By Paul Mathers
William Wilberforce was 25 years old and a member of British Parliament when a Christian friend led him to Christ while traveling on vacation between parliamentary sessions. The first manifestation of his "great change" was the disgust he felt over the luxury in which he lived, and especially vacations like the one he happened to be on.
"No man," wrote Wilberforce, "has a right to be idle. Where is it that in such a world as this, health, and leisure, and affluence may not find some ignorance to instruct, some wrong to redress, some want to supply, some misery to alleviate?" And Wilberforce was not idle. Fueled by God’s love, he labored for years to abolish the slave trade in England.
Faith in Christ ignited a life-long passion to use his wealth and his political clout to bless the impoverished and the oppressed. "By careful management,” He wrote, “I should be able to give at least one-quarter of my income to the poor." In fact, he gave away far more than a fourth.
Pressured in Parliament to turn his back on his faith, and uncertain how to handle his public life as a Christian, Wilberforce paid a visit to John Newton, the former slave ship captain turned minister and abolitionist who wrote Amazing Grace. This was risky as Newton was not admired in Parliament. Wilberforce circled the block twice, working up the courage to knock on the door. To his surprise, Newton urged him not to leave public life, but to glorify God in it. Newton later wrote: "It is hoped and believed that the Lord has raised you up for the good of His church and for the good of the nation."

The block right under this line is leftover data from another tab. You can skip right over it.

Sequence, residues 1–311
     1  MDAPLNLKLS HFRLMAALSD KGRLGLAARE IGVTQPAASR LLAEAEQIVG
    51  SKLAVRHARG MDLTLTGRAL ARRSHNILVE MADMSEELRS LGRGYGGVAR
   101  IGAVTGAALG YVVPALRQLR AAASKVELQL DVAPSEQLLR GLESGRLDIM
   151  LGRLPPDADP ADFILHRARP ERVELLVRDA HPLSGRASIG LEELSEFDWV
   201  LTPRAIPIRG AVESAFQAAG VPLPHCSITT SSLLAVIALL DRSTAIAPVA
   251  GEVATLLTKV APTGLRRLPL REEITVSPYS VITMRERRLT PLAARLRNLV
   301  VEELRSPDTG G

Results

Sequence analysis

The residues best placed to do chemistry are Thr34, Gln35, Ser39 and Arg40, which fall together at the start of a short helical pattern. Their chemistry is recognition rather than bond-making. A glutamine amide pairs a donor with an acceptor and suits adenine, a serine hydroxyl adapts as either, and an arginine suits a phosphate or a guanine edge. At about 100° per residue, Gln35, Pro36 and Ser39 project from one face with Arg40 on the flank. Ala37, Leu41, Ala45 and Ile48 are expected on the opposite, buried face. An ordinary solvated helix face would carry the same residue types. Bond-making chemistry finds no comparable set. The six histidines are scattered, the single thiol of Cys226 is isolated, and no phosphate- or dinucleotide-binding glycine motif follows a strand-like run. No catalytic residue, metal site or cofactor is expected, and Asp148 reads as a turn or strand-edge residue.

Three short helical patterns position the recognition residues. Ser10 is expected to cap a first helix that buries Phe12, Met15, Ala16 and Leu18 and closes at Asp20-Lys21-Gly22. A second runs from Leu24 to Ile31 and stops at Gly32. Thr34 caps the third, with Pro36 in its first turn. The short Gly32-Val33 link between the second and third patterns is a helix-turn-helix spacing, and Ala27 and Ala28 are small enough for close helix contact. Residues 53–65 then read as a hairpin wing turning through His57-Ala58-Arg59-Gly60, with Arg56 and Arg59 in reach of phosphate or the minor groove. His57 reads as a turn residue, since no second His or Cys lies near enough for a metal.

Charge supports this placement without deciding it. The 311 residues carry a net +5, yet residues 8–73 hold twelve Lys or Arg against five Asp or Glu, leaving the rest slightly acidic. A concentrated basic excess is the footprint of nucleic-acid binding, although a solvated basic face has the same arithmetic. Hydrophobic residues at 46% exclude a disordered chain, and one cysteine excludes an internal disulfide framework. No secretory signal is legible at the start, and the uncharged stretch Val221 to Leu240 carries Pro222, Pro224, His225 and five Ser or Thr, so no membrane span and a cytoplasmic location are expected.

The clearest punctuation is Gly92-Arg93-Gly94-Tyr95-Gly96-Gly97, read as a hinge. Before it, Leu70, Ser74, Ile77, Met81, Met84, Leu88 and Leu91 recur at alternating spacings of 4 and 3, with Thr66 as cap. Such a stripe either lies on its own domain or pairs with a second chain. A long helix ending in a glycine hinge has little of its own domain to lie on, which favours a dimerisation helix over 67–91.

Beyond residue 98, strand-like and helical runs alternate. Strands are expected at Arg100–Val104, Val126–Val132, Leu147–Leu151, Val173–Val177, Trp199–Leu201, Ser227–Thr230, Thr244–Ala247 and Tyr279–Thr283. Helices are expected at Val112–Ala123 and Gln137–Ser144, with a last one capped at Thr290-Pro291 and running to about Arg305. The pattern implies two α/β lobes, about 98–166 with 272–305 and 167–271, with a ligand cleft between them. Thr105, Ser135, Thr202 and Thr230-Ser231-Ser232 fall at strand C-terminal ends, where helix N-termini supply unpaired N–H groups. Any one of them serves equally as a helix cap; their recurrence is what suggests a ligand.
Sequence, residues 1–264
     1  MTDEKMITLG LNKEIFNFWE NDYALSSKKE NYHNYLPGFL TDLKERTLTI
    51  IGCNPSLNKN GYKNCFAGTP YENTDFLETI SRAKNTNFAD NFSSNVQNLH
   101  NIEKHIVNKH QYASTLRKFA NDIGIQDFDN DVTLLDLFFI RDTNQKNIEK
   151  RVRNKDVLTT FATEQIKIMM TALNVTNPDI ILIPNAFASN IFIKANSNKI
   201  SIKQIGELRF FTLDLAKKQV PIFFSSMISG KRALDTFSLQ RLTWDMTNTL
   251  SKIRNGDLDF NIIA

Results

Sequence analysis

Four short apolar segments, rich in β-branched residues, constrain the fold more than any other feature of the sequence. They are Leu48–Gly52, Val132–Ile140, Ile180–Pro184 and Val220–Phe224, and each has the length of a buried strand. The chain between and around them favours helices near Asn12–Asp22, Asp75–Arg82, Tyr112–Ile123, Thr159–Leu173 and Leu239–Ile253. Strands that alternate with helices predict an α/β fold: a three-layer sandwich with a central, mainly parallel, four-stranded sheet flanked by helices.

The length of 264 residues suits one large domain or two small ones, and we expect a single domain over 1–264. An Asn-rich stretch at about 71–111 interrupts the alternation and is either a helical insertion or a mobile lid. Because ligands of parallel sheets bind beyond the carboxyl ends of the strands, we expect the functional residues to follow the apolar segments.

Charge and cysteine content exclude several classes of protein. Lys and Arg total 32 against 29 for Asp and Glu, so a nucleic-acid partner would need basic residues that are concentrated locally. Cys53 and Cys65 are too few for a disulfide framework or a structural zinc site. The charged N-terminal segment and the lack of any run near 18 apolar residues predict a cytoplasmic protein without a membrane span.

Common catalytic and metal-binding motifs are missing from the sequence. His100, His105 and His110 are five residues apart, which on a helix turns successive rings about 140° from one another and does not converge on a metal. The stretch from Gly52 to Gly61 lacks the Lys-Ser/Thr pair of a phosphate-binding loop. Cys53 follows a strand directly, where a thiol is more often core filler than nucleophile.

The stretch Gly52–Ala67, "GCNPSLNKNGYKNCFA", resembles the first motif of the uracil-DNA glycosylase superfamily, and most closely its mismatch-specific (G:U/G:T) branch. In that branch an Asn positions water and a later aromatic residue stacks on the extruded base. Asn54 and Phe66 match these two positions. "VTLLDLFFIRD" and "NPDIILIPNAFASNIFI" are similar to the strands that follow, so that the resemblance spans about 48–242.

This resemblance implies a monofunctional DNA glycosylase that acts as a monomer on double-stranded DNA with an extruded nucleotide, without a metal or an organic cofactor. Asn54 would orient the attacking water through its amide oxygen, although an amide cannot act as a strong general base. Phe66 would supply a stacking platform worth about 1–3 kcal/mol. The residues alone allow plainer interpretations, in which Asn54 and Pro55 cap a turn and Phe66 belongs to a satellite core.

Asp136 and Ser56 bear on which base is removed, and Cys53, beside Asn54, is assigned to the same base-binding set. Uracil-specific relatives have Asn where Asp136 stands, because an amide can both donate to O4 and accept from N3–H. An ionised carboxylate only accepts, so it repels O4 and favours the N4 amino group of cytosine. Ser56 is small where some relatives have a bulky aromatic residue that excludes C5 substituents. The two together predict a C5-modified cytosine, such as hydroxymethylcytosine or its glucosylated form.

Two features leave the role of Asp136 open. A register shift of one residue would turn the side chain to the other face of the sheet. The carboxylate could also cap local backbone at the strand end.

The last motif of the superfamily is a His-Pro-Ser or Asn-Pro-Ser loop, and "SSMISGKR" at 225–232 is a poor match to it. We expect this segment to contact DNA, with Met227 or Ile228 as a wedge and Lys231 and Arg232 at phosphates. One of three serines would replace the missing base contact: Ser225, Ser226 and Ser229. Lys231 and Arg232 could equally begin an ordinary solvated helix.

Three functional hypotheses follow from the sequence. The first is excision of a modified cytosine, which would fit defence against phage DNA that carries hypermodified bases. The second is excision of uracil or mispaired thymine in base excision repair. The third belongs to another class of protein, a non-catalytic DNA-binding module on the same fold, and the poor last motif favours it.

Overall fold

Though plagued with physical ailments, Wilberforce worked ceaselessly and studied scripture up to 10 hours a day. He believed the life God had given him must not be squandered, and he lived it with joy: The poet Robert Southey wrote, "I never saw any other man who seemed to enjoy such a perpetual serenity and sunshine of spirit. In conversing with him, you feel... that if ever there was a good man and happy man on earth, he was one."
"Joy. . .” Wilberforce wrote, “is enjoined on us as our bounden duty and commended to us as our acceptable worship. . . A cold . . . unfeeling heart is represented as highly criminal." And again, "My grand objection to the religious system still held by many. . . is, that it tends to render Christianity so much a system of prohibitions rather than of privilege and hopes, and thus the injunction to rejoice, so strongly enforced in the New Testament, is practically neglected, and Religion is made to wear a forbidding and gloomy air and not one of peace and hope and joy.”
Joyful, Wilberforce sat with his head in his hands, tears streaming down his face in 1807 when, after decades of efforts to sway public opinion, the slave trade was outlawed. He turned to his colleague and friend, Henry Thornton, and said, "Well, Henry, what shall we abolish next?"
Slavery itself was next, but not until 1833, after age and illness had forced Wilberforce to retire. The law abolishing slavery passed four days before he died. On his death bed, Wilberforce heard it and said, "Thank God." Christ, through one transformed life, had transformed the world.